Across New York and the nation, there is a growing consensus that parole is a feeder into prisons and needs to be reformed to be less punitive and more rehabilitative. The Pew recommendations to do so were endorsed by dozens of organizations including the conservative R Street Institute and American Conservative Union. Even before the pandemic, a group of over 80 probation and parole commissioners calledExecutives Transforming Probation and Parole issued a statement that community supervision “has become overly burdensome, punitive and a driver of mass incarceration, especially for people of color” and calling for “probation and paroleto be substantially downsized, less punitive, and more...restorative.” Seven district attorneys, including Albany’s David Soares, have endorsed the Less Is More Act. 

While much is rightly written about the United States having the world’s highest rate of incarceration, fewer realize that there are twice as many people in the U.S. on probation and parole as are incarcerated. A quarter of those in U.S. prisons are incarcerated for technical violations at an annual national cost of $2.8 billion. New York’s record is a poor one when it comes to parole; our rate of parole ending with prison reentry is 47 percent, substantially higher than the 28 percent national average. New York parole officials return six times as many people to prison for non-criminal, technical violations as the number who go back for new convictions. Before the pandemic, persons accused of minor mishaps, like Tyson and Rivera, were the only population group actually increasing on Rikers Island. Black and Latino people are incarcerated on Rikers for technicals at 12 and four times the rate, respectively, of white people.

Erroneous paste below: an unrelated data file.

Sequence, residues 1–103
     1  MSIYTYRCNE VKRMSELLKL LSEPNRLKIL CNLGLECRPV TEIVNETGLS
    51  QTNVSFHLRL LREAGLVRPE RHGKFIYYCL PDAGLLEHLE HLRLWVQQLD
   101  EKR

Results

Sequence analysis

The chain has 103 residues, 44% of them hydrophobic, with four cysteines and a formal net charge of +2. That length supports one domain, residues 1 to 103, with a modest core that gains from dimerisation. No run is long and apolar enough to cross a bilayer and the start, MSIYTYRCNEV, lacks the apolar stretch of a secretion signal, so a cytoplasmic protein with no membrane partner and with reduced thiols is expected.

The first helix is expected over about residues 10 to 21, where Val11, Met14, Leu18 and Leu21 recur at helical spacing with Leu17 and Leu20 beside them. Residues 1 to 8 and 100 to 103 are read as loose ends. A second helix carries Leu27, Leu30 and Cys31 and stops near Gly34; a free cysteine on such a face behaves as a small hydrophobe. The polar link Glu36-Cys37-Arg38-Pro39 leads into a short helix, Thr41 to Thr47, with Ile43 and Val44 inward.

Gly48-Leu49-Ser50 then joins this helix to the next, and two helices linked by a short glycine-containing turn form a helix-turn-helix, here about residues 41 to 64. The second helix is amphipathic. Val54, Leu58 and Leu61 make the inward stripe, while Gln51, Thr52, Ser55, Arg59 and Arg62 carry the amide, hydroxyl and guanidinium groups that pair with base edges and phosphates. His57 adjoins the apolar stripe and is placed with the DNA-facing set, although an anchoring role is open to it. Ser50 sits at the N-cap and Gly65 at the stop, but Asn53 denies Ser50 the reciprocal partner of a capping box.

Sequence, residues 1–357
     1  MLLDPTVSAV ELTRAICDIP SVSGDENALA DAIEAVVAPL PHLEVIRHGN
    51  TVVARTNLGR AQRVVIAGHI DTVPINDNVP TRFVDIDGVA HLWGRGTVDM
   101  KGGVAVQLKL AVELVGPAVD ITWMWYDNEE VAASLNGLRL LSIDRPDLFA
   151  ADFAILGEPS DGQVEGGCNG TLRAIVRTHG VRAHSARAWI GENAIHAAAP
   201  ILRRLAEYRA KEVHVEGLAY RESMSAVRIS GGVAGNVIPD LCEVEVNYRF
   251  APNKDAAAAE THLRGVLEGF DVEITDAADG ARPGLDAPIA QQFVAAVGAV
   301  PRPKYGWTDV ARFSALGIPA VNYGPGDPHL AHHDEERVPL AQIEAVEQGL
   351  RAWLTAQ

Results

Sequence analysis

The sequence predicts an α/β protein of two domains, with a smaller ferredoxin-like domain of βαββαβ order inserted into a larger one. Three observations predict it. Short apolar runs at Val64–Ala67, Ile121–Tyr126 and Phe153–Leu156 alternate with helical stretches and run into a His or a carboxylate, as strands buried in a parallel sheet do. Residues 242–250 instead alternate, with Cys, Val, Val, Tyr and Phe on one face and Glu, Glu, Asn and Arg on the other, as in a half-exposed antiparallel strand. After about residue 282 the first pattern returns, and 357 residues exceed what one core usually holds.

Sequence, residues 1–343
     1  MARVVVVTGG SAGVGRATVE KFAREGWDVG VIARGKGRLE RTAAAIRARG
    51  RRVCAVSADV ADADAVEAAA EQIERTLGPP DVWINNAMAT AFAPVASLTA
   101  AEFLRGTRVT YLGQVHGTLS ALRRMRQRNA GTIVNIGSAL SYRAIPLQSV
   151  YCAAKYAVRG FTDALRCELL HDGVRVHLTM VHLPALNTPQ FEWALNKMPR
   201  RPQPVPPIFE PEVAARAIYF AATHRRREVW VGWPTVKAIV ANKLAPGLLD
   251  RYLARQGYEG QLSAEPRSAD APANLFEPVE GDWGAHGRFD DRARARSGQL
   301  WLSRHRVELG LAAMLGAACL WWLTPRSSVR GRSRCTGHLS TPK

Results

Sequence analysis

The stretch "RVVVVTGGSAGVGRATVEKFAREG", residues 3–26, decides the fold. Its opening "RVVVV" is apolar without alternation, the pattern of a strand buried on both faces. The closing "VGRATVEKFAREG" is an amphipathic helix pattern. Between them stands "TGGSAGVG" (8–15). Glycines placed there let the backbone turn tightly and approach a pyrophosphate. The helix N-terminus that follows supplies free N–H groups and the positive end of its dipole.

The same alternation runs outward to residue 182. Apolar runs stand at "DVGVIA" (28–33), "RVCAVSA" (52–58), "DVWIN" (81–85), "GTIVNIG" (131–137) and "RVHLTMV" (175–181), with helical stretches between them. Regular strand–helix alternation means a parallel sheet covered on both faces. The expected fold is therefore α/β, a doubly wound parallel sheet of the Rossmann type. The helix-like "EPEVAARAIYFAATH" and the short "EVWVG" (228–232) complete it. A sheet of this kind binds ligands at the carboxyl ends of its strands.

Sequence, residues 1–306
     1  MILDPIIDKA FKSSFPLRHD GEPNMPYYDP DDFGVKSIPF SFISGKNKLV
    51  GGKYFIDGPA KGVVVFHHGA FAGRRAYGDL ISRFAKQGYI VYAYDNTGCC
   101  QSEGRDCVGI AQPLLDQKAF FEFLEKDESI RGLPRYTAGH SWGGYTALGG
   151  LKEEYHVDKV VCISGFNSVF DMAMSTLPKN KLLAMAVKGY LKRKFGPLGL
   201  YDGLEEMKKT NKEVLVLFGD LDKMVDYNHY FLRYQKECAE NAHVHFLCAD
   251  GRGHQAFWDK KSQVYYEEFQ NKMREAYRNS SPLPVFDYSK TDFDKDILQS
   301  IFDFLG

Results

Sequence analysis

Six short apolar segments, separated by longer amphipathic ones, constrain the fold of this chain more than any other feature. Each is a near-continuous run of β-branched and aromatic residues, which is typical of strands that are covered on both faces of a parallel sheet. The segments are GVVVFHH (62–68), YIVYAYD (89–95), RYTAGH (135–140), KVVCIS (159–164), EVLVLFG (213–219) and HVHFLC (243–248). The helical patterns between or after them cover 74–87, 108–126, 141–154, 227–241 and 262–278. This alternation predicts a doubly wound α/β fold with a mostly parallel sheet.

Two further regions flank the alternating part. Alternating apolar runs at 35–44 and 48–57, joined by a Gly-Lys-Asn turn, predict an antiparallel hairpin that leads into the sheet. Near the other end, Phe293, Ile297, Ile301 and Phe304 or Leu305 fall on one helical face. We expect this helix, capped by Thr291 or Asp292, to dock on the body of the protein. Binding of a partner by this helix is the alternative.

In New York, the Columbia University Justice Lab, the New York State Bar Association, the Independent Commission on New York City Criminal Justice and Incarceration Reform, and even the New York City Mayor’s Office of Criminal Justice have decried excessively locking people up for technical parole violations. Outside of the City, groups like the New York State Association of Counties and the Rochester City Council have endorsed the Less Is More Act.

Before the crisis, Cuomo stated, “New York jails and prisons should not be filled with people who may have violated the conditions of their parole, but present no danger to our communities.” There’s clearly a gap between his beliefs and actions, leading to haphazard and inadequate handling of parole violations – putting New Yorkers’ lives at risk.

COVID-19 caught us all by surprise and Gov. Cuomo is viewed as having adeptly responded. But the governor had plenty of time to reduce incarceration for technical parole violations before – and since – the pandemic. Now it’s time for Cuomo to act, before there are more unnecessary deaths like Raymond Rivera’s and Michael Tyson’s.